Monday, February 9, 2009

Queen - Queen II


This is kind of an important album for me. You see, up until a few years ago, I really couldn't have cared less about music. You see, I was a video game fan. I was a Nintendo fanboy, and I was also a JRPG fan. This caused problems during the N64 era, as I refused to buy systems made by other companies, and there were a grand total of two decent RPGs produced for the N64. One of them was Paper Mario, and the other was a game called Ogre Battle 64. I had enjoyed the SNES game, the first in the series (an SNES sequel had gone unreleased in the States until it was released in an extremely laggy port for the PSX).
In my senior year of high school, I found out that the Ogre Battle series was named after a Queen song. I wasn't too familiar with Queen (knowing little beyond their most famous hits), so I decided to pick up the album which had Ogre Battle on it, and I was blown away. I had Queen's entire discography within months. And my video game obsession eventually dwindled; today all I own is a DS and a few games for it.
Queen II is kinda sorta vaguely a concept album. Instead of being divided into "Side A" and "Side B", the sides are called "White" and "Black," with most of the "White" songs written by Brian May and all of the "Black" songs written by Freddie Mercury. There's a pretty heavy medieval theme running throughout most of the songs, which is surprising since most of the material isn't that folky. The production is creative, with lots of awesome vocal harmonies and creative tricks (for example, the end of "Ogre Battle" is the beginning played backwards)
This album exists on a grandiose scale. From tales of father-son relationships ("Father to Son"), beautiful romantic ballads ("White Queen," "Some Day One Day" and the too-brief "Nevermore") and awesome battle epics ("Ogre Battle," and "The March of the Black Queen,") this album has it all. The one blemish is "The Loser in the End," the token Roger song which closes out the first side; it's one of his better efforts, but it just does not fit in with the rest of the album at all.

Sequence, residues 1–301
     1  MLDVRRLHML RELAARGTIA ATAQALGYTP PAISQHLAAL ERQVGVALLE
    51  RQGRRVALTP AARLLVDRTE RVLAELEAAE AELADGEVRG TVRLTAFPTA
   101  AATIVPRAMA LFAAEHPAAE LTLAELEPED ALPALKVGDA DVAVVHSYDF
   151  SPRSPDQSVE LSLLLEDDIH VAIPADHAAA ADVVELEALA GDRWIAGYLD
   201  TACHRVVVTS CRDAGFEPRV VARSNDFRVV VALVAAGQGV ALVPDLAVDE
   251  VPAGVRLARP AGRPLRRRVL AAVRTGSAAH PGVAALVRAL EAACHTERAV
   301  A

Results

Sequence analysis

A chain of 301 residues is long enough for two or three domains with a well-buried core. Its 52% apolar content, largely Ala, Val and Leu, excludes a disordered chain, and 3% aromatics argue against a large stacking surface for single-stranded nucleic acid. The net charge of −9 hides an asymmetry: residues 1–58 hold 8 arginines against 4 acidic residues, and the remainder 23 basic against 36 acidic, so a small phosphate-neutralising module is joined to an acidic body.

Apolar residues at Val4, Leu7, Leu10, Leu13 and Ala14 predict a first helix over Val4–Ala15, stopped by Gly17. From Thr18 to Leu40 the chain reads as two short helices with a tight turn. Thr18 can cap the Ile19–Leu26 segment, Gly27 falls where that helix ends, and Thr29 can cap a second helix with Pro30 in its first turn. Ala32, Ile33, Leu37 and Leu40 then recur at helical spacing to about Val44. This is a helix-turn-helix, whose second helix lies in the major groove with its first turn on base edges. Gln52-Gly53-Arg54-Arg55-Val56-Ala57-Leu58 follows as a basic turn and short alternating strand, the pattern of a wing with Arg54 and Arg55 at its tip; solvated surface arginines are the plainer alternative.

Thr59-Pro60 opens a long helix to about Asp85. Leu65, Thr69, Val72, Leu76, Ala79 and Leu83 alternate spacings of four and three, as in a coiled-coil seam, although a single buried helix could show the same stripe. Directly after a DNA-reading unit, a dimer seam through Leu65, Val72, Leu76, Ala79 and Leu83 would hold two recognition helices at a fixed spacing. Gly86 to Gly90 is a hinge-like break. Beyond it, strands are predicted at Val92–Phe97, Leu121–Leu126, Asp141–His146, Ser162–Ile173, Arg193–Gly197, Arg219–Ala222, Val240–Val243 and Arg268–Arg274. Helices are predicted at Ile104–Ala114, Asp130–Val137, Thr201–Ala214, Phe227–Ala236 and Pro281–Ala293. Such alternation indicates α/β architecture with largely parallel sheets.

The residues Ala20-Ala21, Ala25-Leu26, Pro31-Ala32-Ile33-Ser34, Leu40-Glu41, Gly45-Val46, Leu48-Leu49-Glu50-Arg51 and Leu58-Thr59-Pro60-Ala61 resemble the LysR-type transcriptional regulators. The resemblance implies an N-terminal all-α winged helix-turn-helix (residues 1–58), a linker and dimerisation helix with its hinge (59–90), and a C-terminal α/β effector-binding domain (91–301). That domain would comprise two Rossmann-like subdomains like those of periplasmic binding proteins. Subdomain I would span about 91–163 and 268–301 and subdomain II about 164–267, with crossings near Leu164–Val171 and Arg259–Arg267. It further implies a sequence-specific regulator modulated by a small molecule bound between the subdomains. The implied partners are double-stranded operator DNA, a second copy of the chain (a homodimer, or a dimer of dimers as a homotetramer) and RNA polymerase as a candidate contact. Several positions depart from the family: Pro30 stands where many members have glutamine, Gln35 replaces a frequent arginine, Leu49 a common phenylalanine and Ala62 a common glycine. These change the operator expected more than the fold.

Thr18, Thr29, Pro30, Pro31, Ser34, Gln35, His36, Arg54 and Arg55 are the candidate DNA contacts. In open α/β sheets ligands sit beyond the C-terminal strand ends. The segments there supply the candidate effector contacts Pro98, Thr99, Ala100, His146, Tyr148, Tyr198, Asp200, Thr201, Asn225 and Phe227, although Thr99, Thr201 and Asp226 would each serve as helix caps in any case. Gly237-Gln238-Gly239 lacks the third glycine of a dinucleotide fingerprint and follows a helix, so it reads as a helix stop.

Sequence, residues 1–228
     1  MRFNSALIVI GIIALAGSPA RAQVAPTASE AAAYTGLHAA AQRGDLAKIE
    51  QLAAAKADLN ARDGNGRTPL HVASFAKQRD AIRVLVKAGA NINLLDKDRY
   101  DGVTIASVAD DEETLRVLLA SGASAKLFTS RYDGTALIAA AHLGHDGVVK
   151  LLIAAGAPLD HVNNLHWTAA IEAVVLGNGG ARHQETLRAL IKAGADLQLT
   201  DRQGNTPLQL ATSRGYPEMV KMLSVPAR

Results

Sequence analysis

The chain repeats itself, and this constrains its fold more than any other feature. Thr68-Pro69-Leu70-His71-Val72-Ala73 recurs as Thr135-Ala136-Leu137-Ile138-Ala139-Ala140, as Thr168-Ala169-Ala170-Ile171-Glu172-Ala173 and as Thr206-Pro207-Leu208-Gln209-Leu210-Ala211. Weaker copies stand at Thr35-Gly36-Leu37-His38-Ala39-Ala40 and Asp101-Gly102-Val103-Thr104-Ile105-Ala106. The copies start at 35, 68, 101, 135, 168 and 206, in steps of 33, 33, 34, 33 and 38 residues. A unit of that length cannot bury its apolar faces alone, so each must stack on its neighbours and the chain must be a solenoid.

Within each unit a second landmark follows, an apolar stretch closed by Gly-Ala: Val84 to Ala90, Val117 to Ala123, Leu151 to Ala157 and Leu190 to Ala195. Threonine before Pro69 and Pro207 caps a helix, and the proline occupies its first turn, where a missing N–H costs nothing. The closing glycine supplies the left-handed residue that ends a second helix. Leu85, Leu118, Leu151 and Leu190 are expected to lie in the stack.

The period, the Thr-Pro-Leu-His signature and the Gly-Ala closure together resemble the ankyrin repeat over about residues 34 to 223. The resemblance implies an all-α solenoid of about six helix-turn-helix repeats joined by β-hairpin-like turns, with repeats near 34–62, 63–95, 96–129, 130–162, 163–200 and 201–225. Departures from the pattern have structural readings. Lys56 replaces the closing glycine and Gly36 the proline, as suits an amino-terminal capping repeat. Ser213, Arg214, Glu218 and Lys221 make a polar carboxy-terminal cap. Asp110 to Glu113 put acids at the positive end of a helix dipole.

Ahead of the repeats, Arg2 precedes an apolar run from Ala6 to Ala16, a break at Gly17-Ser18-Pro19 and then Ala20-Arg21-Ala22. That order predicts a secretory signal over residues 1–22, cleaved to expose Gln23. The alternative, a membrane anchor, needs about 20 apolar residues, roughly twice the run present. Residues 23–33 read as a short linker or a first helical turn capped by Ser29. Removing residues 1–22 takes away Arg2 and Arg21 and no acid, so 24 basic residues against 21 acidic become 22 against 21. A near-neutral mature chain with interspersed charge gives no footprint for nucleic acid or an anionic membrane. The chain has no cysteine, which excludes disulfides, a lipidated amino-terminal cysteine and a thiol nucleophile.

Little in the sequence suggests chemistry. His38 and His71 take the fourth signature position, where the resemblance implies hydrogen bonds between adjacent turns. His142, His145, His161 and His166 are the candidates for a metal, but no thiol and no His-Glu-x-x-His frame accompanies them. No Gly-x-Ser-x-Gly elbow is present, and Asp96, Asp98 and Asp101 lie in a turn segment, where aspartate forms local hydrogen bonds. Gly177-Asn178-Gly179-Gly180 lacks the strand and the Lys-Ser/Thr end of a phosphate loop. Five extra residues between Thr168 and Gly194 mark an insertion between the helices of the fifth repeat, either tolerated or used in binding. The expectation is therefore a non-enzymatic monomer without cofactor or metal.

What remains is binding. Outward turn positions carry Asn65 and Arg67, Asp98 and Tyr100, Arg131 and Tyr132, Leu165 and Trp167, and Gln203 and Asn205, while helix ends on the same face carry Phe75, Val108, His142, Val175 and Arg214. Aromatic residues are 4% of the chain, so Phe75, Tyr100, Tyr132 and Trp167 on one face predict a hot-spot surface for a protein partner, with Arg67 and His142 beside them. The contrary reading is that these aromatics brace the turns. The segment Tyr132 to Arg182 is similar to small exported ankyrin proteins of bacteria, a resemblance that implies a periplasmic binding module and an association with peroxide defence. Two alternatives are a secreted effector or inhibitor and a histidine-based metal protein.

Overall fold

It's a crying shame that that the single "Seven Seas of Rhye" was the only song on the album that remotely resembled a hit; while the majority of their later work is great, I would've been perfectly fine with Queen recording a few more albums just like this one. Oh well. Since I got more into music and amassed an impressive album collection, this album doesn't blow me away nearly as much as it used to. Still, it's one of my favorites, and easily gets the 10. It's just as well that this album caused me to be more of a music fan that a gaming fan, since Square/Enix bought up the company that made the Ogre Battle games and have done nothing but sit on the franchise.
One last note: The current releases of Queen albums all come with bonus tracks. I generally don't include bonus tracks in my score, but the B-side "See What a Fool I've Been" may well be the gayest thing ever recorded, which is weird because I don't think even Freddie was sure he was gay when this album was recorded. There are also two remixes. The "Ogre Battle" remix isn't that bad, but the "Seven Seas of Rhye" remix is an abomination which stretches the song out to twice its original length and fills the excess time with oom-tiss dance music. Ugh.

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